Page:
Friday, 27 November 2015

The Godmother | H Νονά (2014) by Stelios Kouloglou

On Tuesday 8 December at 19:00 and on Wednesday 9 December at 21:00 the documentary The Godmother (Greece, 2014, colour, 105 min) by Stelios Kouloglou will be screened in cinema Utopia in the original Greek version with English subtitles. The director will be present for the screening of Tuesday. Not suitable for children under 16 years.


Α few years after the fall of the Berlin Wall, Angela Merkel, an insignificant physicist from East Germany who was not interested in politics, is the most powerful woman in the world. Her teacher from the small town where she grew up, believes that she is the smartest student he ever had. Those who have worked with her, support that “Merkiavelli” exercises power without moral barriers, just as Machiavelli taught. A journalist, who knows her well, supports that she uses the methods of a Mafia godmother. In 2008, the German Chancellor was asked to cope with the international financial crisis. The countries of the South were in the test tube. “If I was writing a book for the shock doctrine now”, says Naomi Klein, “it would be for Greece”. How did Merkel manage to impose the German hegemony in Europe? 

About the director 

Studies in Paris and Tokyo. Correspondent for the Greek Radio and TV in Paris (1983-84), in Moscow during perestroika (1989-93) and during the war in Yugoslavia (92-95). Regular collaborator for ARTE’s news program «7 heures et demi». Editor-in-chief and producer of “Reportage Without Frontiers” (1996-2012), a weekly current affairs and documentaries program awarded 4 times as the best informative program of the Greek television. Best Greek documentary award for his series of programs on the Greek civil war (2000), Eurocomenius award for the film “The Death Match” (2002). Producer and director of numerous grand reportages and documentaries for ARTE, ERT, including «Whistleblowers» (2004), "Welcome to Europe"(2011), “Oligarchy”(2012) and the internationally awarded (Seoul 2009, Zaragoza 2010) «Apology of an Economic Hit Man» (2008).

Monday, 9 November 2015

The Enemy Within | O Εχθρός μέσα μου (2013) by Yorgos Tsemberopoulos

On Tuesday 17 November at 19:00 and on Wednesday 18 November at 21:00 we will screen in cinema Utopia the film The Enemy Within (Greece, 2013, colour, 107 min) by Yorgos Tsemberopoulos. The film is in the original Greek version with English subtitles. It is not suitable for children under 16 years.


Kostas, a progressive ideologist, lives a regular life in Athens with his wife and their teenage daughter and son, until his home is ransacked by a hooded gang. The experience of extreme violence shatters the family's peace, bringing his father's hunting rifle violently into their lives. It is the story of a morally demolished man, who used to be the pillar of his family and of his struggle to get life back to normal.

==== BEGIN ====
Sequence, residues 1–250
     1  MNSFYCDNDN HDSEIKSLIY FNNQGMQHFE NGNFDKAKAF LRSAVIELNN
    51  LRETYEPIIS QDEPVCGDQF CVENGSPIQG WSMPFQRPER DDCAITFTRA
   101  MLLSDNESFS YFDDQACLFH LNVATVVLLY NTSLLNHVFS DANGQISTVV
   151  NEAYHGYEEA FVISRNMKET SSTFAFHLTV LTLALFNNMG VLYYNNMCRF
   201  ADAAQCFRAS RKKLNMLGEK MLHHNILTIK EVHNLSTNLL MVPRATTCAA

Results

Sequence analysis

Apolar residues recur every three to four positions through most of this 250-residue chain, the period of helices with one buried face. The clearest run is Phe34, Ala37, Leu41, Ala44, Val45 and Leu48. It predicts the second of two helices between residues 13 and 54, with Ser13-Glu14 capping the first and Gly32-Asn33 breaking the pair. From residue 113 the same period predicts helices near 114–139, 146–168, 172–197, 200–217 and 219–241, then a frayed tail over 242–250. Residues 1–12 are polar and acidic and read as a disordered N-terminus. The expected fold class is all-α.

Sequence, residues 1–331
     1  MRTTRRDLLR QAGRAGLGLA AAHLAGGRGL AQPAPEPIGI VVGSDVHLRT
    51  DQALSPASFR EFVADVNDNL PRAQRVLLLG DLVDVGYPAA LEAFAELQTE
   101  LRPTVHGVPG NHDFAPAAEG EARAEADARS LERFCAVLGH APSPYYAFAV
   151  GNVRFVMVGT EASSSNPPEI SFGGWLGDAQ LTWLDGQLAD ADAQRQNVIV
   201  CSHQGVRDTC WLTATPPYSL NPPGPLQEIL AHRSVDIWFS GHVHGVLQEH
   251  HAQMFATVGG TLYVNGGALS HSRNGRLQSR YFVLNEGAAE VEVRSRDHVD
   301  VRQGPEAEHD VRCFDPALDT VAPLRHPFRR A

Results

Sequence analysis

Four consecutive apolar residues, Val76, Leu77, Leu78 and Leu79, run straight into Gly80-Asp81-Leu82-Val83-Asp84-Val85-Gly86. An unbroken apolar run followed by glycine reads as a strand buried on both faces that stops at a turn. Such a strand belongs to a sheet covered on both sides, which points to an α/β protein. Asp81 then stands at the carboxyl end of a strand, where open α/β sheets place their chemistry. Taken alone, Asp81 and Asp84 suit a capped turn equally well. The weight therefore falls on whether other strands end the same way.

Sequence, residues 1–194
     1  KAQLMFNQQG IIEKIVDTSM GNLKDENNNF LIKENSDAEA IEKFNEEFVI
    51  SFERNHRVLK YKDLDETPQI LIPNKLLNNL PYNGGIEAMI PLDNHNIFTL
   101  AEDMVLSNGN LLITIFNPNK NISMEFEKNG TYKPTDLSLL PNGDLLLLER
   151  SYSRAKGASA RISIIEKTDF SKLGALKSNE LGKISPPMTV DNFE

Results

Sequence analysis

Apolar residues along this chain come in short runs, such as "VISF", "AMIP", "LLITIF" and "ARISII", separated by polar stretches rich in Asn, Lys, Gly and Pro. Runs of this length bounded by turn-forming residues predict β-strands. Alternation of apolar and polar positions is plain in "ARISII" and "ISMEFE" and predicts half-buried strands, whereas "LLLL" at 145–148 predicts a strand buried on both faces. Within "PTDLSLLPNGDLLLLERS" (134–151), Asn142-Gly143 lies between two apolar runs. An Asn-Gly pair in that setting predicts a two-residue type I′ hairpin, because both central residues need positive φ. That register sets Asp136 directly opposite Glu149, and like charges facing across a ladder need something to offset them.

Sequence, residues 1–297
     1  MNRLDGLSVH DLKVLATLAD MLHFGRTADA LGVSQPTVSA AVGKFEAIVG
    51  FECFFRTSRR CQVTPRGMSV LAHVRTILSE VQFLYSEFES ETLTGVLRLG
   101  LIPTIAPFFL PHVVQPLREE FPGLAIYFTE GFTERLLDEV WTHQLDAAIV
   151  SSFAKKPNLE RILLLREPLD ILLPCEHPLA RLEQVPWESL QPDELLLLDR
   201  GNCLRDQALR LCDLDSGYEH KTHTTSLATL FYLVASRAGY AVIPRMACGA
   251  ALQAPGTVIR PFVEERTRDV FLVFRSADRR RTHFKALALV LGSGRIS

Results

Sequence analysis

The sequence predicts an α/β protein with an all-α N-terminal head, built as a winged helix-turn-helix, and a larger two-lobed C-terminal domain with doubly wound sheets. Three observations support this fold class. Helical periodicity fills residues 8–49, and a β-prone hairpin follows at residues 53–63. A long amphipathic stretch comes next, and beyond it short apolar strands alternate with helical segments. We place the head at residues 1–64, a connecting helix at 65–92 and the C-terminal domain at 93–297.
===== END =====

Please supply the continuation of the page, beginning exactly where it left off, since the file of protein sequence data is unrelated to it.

Cast: Manolis Mavromatakis, Maria Zorba, Yiorgos Gallos, Antonis Karistinos, Thanasis Papageorgiou, Ariadni Kavalierou, Ilias Moulas, Kostas Antalopoulos, Nikos Dalas, Yannis Niarros, Konstadinos Moraitis, Anna Kalaitzidou, Thanos Grammenos, Tudor Chirila, Vesela Kazakova

About the director 

Yorgos Tsemberopoulos was born in Athens, studied economics in Greece and film at the American Film Institute in Los Angeles, where he lived for six years directing documentaries, short films and theatre. Back in Greece he produces commercials and directs features, receiving many national awards. Among his films as director are: Megara (1974), a documentary that participated in nine festivals and won the Best Film Award at the Thessaloniki Film Festival and the Prize of the International Critics’ Association at the Forum Berlin Film Festival (1974). Back Door (2000) in competition in Tokyo IFF and Mar De Plata. In 2007 a three-film tribute to him took place in Kolkata IFF. The Enemy Within is his fifth feature.

Tuesday, 6 October 2015

A Place Called Home | Το Δέντρο και η Κούνια (2013) by Maria Douza

On Tuesday 20 October at 19:00 and on Wednesday 21 October at 21:00 we will screen in cinema Utopia the film A Place Called Home aka The Tree and the Swing (Greece / Serbia, 2013, colour, drama, 108 min) by Maria Douza. The film is in the original Greek version with English subtitles. It is not suitable for children under 16 years.


Eleni, a professor of cardiology in London, has been estranged from her father, Kyriakos, for many years. Kyriakos has never forgiven her for leaving Greece, her country. When Eleni’s husband, Harris, is posted to China on an open-ended contract, she realizes the danger of a new uprooting and decides to visit Greece and make peace with her father. But when she reaches home, nothing she finds is as she expects. 

That's how the director, Maria Douza explains what inspired her to make this film during an interview with MoviesMovesMe: "I think the time (inspired me). I started writing it in early 2003 – many years ago. At that time, the subject of immigration was (and still is) very topical in our life and in Greek society. The Greek society, for the first time, was confronting the advent of immigrants from Eastern Europe, from Albania: they started coming already in the 90s. That was some kind of a second reality that we experienced in Greece and the people were growing very xenophobic, very negative and so on. And everybody wanted to deal with this issue somehow. You could not ignore it."

Tuesday, 1 September 2015